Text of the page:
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Giancarlo Stanton’s worrisome approach in 2022

Stanton sold out for the inside pitch and chased away more than ever in 2022 — why?

MLB: Spring Training-St. Louis Cardinals at New York Yankees Kim Klement-USA TODAY Sports

When he’s on, Giancarlo Stanton is on. The shot he hit on April 2nd was superhuman, yet felt totally reasonable. If somebody told me Stanton hit a ball to Brooklyn, I might believe it. In 2022, though, Yankee fans watched Big G whiff on pitches breaking away from him out of the zone on a more consistent basis than ever.

Don’t get me wrong — he has above average plate discipline as a whole. For these purposes, I’m talking only about pitches in this specific location. Both his chase rate and whiff rate are through the roof in these zones only. This is more of a bad habit than anything else, as Stanton has a long record of solid performance overall with the Yankees.

In 2022, Stanton whiffed on 76 percent of swings on pitches out of the zone low and away:

Anthony Rizzo, a power hitter like Stanton albeit a lefty, whiffed on only 28 percent of pitches breaking away from him:

The indomitable Aaron Judge whiffed at a 63 percent rate on junk low and away, an above average mark, but still significantly less than Stanton:

Stanton’s high chase rate on a pitch so far out of the zone could be explained by the difficulty of hitting with two strikes. Junk out of the zone is usually thrown with two strikes, with the hitter on the defensive protecting the plate, so the whiff percentage could be skewed.

Thus, another helpful visual to paint a more complete picture is strikeout percentage. In these two strike situations, when a pitcher entices Stanton with a waste pitch low and away, he obliges and chases almost 60 percent of the time. Also note the overall trend that he strikes out at a far higher rate on outside pitches than inside pitches. It’s not at all uncommon for a slugger like Big G, and certainly doesn’t stop him from being an elite hitter and the esteemed exit velocity king. However, this drastic data might make it easier for opposing pitchers to gameplan for Stanton. If you can get him to two strikes, the book on him becomes easy.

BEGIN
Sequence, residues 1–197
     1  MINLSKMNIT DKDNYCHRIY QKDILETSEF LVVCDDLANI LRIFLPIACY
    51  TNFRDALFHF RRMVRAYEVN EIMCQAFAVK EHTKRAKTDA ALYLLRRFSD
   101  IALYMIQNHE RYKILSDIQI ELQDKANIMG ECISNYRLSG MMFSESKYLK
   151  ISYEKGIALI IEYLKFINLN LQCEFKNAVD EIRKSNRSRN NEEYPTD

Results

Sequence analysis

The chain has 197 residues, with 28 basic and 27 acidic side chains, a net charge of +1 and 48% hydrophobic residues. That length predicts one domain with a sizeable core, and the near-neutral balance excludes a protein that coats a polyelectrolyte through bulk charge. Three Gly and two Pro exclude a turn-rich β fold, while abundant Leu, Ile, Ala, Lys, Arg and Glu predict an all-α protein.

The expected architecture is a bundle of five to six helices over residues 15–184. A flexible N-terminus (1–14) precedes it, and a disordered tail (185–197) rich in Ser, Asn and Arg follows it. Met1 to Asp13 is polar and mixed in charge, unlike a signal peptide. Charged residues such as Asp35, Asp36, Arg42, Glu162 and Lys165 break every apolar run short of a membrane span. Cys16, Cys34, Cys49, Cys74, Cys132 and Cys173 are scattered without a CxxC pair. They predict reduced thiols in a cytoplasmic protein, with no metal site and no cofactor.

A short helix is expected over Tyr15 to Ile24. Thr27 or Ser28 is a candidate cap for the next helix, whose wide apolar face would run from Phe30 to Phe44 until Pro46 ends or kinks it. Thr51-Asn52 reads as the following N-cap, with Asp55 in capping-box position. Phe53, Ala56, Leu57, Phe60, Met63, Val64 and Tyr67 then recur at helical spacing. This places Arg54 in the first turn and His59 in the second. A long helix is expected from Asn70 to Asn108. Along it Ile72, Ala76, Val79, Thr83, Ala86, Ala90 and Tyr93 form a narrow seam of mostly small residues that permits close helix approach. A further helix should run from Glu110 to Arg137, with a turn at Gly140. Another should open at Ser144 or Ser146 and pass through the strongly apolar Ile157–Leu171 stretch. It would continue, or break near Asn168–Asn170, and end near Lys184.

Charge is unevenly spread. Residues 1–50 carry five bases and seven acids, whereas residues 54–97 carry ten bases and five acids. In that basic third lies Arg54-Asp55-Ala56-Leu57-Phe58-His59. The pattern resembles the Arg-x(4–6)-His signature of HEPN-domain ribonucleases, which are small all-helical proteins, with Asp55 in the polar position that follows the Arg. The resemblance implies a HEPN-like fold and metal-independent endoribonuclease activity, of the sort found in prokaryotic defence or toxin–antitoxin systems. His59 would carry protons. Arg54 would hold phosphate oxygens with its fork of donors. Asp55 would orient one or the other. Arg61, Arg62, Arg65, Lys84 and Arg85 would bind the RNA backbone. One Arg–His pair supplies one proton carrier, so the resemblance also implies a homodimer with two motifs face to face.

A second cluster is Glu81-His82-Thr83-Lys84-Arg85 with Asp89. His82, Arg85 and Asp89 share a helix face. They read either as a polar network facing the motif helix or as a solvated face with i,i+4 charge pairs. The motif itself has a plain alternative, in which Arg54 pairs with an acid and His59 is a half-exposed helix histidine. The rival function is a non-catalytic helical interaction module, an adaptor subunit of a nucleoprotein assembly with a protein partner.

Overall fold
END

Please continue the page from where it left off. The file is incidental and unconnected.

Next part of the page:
It’s perhaps unfair to compare these numbers to 2017 when he hit 59 home runs, but the swing profile has changed completely. 2017 is much more balanced both within and outside of the strike zone, offering less of a pattern than in 2022. The difference indicates more ‘selling out’ for the inside pitch in 2022. Is it a change of approach as a result of age and reduced bat speed?

In regards to overall swing percentage, Stanton had a habit of chasing pitches he couldn’t hit with an oar in 2022. Pay particular attention to pitches not even adjacent to the strike zone. Overall no matter the count, Stanton chases almost a third of pitches low and away over a foot from the strike zone.

League average chase rate on these zones is significantly lower than Stanton’s, at 26 percent and 18 percent.

These should be easy takes, and on average they are. To some degree, a nasty slider that starts on the outside corner is going to generate some whiffs from any hitter. Stanton, though, swings at 31-33 percent of these almost un-hittable pitches.

For a hitter as skilled as Stanton, it’s not necessarily a hole in his swing, but rather indicates a strategic concession he made with his approach in 2022. He owned the inside half of the plate and mashed inside pitches both to the pull side and to the opposite field. This gave him the freedom to focus on that half of the plate — but the drastic two-strike whiff rates are a downside of his approach. Failure to lay off pitches off the outside corner is mostly to blame for his 30.3 percent strikeout rate in 2022, his highest rate in a healthy season of 100+ games since his rookie year.

Again, this isn’t necessarily an impactful flaw, but it is a concerning trend in a season in which he had a 115 wRC+, a fine mark but the lowest of his career. Stanton is a preternaturally gifted power hitter who hasn’t showed any signs of slowing down. This approach just might be indicative of age slowly creeping in. Until it does, though, Big G will keep hitting 500-foot nukes no matter his approach.